The yak wool
Yak wool is one of the noble wools. Thanks to its fine, filigree fibre structure, yak wool does not scratch. The hardy animals are the livelihood of the mountain nomads living in the Himalayas.
The colour of yak wool
Yak wool comes in the colours black, brown, grey and white. However, there are also pied animals. Due to its fibre structure, yak wool is warm even in sub-zero temperatures and can absorb more than 30% of its own weight in moisture. Thus, the material only feels wet once it has really soaked up. The special feature: Yak wool is combed out and not sheared.
The properties of yak wool
The fine yak wool does not scratch. Especially the undercoat of the young animals stands for maximum quality. The yak's fur has a three-layer structure. The fine wool is directly on the skin of the animal and is used for our fine felt slippers made of yak wool. Above this is the transitional wool, which is somewhat coarser, and above this is the protective, firm top coat.
The origin of yak wool
Yaks originated in the Himalayan mountains and Tibet and are descended from the wild yak. The breed was domesticated more than 3,000 years ago and is now much smaller than the wild form. Yaks live in the highlands of Central Asia at altitudes of up to over 6,000m and feel very comfortable in these hostile conditions. For mountain nomads, yaks form their livelihood.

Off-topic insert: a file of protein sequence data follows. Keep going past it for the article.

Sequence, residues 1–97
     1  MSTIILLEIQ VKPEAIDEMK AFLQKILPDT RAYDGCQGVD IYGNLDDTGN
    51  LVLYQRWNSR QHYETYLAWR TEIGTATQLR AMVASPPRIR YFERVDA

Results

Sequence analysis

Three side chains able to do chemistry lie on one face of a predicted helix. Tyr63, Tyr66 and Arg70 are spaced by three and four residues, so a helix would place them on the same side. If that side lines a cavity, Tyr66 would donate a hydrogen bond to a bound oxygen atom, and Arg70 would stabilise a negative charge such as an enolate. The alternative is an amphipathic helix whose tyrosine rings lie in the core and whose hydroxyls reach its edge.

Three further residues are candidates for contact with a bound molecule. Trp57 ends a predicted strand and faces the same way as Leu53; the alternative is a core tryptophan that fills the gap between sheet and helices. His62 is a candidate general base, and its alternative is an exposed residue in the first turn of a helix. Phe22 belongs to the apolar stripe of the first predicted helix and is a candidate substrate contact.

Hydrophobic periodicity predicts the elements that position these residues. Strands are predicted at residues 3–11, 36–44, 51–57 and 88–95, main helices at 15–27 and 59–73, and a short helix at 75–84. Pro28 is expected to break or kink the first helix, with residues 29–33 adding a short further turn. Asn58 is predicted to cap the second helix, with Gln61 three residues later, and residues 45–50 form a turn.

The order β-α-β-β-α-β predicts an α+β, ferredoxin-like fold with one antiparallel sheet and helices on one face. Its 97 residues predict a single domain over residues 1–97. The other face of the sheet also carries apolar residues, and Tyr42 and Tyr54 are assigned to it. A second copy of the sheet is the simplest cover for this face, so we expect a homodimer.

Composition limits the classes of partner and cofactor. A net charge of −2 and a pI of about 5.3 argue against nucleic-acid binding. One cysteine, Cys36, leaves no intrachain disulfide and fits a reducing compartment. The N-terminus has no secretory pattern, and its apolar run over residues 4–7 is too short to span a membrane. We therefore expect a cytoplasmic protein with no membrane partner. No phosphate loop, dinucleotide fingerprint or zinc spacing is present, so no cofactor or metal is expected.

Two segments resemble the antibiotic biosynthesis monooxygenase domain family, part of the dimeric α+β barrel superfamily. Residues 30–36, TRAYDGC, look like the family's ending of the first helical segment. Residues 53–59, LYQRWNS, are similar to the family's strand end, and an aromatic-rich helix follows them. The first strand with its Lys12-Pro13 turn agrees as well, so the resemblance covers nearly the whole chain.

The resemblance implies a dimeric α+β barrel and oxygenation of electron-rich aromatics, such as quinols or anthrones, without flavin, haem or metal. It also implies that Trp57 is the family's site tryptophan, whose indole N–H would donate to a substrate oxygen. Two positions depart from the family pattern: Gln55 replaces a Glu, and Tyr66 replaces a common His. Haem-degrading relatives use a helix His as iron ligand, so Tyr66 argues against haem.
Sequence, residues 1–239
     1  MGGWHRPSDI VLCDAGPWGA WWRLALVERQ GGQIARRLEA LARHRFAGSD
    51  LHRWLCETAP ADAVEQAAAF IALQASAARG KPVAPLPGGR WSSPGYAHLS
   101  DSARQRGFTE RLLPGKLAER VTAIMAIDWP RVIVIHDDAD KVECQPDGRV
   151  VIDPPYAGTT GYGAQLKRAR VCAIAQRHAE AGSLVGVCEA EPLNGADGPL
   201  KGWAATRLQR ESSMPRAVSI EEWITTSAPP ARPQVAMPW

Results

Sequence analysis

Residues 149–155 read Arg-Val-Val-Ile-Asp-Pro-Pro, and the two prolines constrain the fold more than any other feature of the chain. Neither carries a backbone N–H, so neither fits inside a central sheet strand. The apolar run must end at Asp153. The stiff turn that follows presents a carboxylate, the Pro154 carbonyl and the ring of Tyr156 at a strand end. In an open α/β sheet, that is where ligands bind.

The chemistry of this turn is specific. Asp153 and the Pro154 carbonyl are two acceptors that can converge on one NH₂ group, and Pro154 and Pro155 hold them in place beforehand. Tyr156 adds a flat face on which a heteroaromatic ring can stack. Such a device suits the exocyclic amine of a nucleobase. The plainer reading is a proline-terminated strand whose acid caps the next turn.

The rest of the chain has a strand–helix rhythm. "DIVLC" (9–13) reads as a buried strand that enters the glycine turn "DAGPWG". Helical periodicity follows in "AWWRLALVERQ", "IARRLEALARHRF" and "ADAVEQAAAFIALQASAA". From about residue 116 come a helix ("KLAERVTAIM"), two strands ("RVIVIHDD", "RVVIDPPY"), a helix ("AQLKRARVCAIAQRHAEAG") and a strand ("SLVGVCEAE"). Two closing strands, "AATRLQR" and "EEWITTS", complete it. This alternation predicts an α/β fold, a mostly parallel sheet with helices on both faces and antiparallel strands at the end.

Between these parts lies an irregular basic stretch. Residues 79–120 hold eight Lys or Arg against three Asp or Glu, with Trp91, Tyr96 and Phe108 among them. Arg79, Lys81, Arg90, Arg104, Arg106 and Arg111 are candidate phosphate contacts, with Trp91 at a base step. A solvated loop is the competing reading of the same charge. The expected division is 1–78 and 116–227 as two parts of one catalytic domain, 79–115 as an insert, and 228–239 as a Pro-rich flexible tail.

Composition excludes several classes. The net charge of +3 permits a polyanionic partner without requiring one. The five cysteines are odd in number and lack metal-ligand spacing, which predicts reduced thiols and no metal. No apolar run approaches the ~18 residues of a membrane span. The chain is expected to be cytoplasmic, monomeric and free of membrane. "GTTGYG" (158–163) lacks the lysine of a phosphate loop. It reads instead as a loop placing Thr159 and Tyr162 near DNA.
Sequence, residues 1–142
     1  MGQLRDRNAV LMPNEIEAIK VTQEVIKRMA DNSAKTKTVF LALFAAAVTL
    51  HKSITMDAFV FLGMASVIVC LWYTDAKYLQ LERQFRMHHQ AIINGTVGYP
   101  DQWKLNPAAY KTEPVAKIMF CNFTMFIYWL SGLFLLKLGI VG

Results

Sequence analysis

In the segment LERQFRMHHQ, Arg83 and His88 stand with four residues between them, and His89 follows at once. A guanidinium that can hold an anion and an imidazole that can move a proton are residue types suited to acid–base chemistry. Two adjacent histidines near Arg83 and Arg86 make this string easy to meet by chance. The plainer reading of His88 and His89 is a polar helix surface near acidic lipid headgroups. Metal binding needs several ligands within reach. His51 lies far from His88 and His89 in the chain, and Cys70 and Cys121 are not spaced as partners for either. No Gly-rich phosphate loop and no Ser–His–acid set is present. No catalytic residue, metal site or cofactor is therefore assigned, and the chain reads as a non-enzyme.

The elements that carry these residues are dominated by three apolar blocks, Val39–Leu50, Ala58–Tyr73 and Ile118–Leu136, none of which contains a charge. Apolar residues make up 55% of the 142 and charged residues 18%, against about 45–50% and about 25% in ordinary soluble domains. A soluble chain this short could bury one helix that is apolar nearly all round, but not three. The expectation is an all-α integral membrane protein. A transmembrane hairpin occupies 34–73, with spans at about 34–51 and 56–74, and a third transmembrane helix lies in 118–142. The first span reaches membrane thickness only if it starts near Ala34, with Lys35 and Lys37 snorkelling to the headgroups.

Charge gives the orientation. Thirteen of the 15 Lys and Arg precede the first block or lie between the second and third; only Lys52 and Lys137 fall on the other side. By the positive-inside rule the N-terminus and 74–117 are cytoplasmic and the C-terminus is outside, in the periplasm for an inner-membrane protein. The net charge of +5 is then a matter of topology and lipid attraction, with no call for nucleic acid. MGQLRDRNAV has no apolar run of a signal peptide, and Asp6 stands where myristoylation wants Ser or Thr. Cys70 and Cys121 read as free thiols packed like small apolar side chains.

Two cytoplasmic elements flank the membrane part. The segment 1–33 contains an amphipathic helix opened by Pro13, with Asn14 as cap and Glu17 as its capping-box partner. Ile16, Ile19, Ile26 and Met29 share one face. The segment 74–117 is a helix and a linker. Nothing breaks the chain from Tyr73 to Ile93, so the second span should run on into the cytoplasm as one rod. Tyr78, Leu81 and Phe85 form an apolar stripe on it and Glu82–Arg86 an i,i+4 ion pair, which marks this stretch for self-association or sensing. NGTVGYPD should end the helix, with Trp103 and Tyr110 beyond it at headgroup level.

The physical characteristics of the Yak
Yak cattle can be recognised by their typical hump, the horse-like swaz, the long coarse hair and the dense undercoat. They are the only species of cattle that has this special woollen coat, which is traditionally combed out in spring. The animals, which do not smell particularly good, communicate through their body odour and their typical grunting sounds. The name yak means "grunt ox" in Tibetan. The yak comes in the colours black, brown, grey and white, but there are also pied animals.